Brigitta Hoeferle:
What would you say? This is also fascinating. You have for the the young years that you're in sound. I sound horribly old when I say that. What would you say is like the overarching pattern or trend of all of the things that you do, the gift of gab, the podcast, the training, the corporate trainings, the comedian, the you said you're being you were a rock star, all of those things. What would you say is like a.

Nate De La Hoya-Reynoso:
I'm sure it just comes from a place of wanting to be the center of attention. I was an only child, so my need for external validation is tremendously high and I use that to my advantage. So when I do something like corporate training or when I do something like a comedy or when I do something like music, it all comes from the same place. I want to inspire, uplift or educate in some way or capacity. So if I don't do all three, I at least do one write. All the lyrics that I wrote were in a way trying to encourage and push up others or to push away from all the negatives. Any comedy that I do, I'm seeking external validation, but I'm doing it for the point of making somebody laugh. I'm trying to rile somebody up. I'm trying to, like, just get somebody to to giggle and to smile and to, like, think silly thoughts. I'm not trying to start any controversies or come from a place of hate. I just want to make others smile. And because that makes me smile because I can make myself giggle. I make myself laugh all the time. But to make others laugh and to make others smile it makes me feel so good. And I do that in my trainings. I do that in my comedy. I do that in so many and so many different ways. Do I always hit the mark? No. Right. I'm not perfect. Perfect is impossible. But I bring my best and I do my best every time. And that's as much as I can give and that's as much as I'm willing to give every single time.

Brigitta Hoeferle:
So so because I am so removed and I'm listening to you, there is a pattern within that pattern. And that is, again, you took something that could be viewed as egocentric. You're doing it for your own satisfaction, but you've turned it around so you you're aware that that's what's driving you and you turn it around and you made it where it where other people are gaining, where you're inspiring them, but you're using that energy that's driving you to to move that machine forward, to inspire others.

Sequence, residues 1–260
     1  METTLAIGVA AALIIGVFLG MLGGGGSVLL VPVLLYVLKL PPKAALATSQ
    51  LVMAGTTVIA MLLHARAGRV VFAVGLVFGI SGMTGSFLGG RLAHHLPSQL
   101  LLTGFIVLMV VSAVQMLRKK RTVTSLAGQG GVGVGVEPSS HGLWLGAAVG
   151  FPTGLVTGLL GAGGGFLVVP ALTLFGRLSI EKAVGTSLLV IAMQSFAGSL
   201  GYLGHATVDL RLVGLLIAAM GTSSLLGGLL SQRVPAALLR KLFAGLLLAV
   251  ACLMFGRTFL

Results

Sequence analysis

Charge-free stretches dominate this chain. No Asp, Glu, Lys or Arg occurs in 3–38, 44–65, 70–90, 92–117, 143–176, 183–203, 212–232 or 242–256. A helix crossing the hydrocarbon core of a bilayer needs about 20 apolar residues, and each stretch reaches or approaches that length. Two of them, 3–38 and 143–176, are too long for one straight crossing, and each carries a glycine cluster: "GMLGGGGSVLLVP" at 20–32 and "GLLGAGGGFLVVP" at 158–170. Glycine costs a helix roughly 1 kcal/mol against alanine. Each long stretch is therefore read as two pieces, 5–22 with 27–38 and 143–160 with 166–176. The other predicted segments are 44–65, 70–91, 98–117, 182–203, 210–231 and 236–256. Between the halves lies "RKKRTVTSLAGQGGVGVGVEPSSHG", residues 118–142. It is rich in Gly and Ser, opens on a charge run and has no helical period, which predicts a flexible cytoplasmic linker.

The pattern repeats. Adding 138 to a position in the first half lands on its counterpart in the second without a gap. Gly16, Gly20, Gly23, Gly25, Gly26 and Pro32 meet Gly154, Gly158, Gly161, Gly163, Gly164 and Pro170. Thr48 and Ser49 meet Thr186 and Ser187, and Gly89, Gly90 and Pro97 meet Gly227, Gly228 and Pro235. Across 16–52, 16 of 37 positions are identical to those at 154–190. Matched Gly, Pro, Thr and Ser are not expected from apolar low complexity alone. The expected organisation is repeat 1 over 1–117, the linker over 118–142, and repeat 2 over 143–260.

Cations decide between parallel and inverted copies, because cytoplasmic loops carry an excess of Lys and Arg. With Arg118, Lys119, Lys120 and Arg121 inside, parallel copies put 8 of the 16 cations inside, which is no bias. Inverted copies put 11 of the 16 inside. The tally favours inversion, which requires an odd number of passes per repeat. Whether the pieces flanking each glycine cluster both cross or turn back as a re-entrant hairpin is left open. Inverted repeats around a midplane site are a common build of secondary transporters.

Nate De La Hoya-Reynoso:
Absolutely. And at the core of it, I believe that I'm truly selfish where everything that I'm doing, even the podcast itself, it's my journey of self mastery. It's my journey of self-discovery. And in education, I'm doing it selfishly to better myself if I happen to help someone else along the way, which is totally my intention. It's more of like a sprinkle on the sun. Then than it is like the main course. I love the fact that people listen to my podcast and tell me that they resonate with the message. I love the fact that people tell me that my trainings are fantastic or that they loved my music or I loved. I love hearing all of it. At the end of the day, I always think like, okay, that's great. I did it for me. I did it because I wanted to prove to myself that I could do it and also to prove to the naysayers that I could. I just do it in a way that I can also. It overflows and spills over to others in a way that isn't destructive. Because the last thing I would want to do is leave a conversation or leave an interaction where I left someone feeling worse off than before they met me.

Brigitta Hoeferle:
I see you. I hear you. I feel you because I know you. And even if I would have not known you, like Brian just said, I love his authenticity and I agree with him. Right. That what is there not to love about Nate? And the first time I met you, I had such a genuine and and and and I don't know if it was motherly. It was just love. Right? And it's easy to give that to you. You make it very easy.

Nate De La Hoya-Reynoso:
Thank you.

Brigitta Hoeferle:
How do people follow you? How do they hear and see more of you what you're doing, your podcast, your comedy stuff and everything else?

Nate De La Hoya-Reynoso: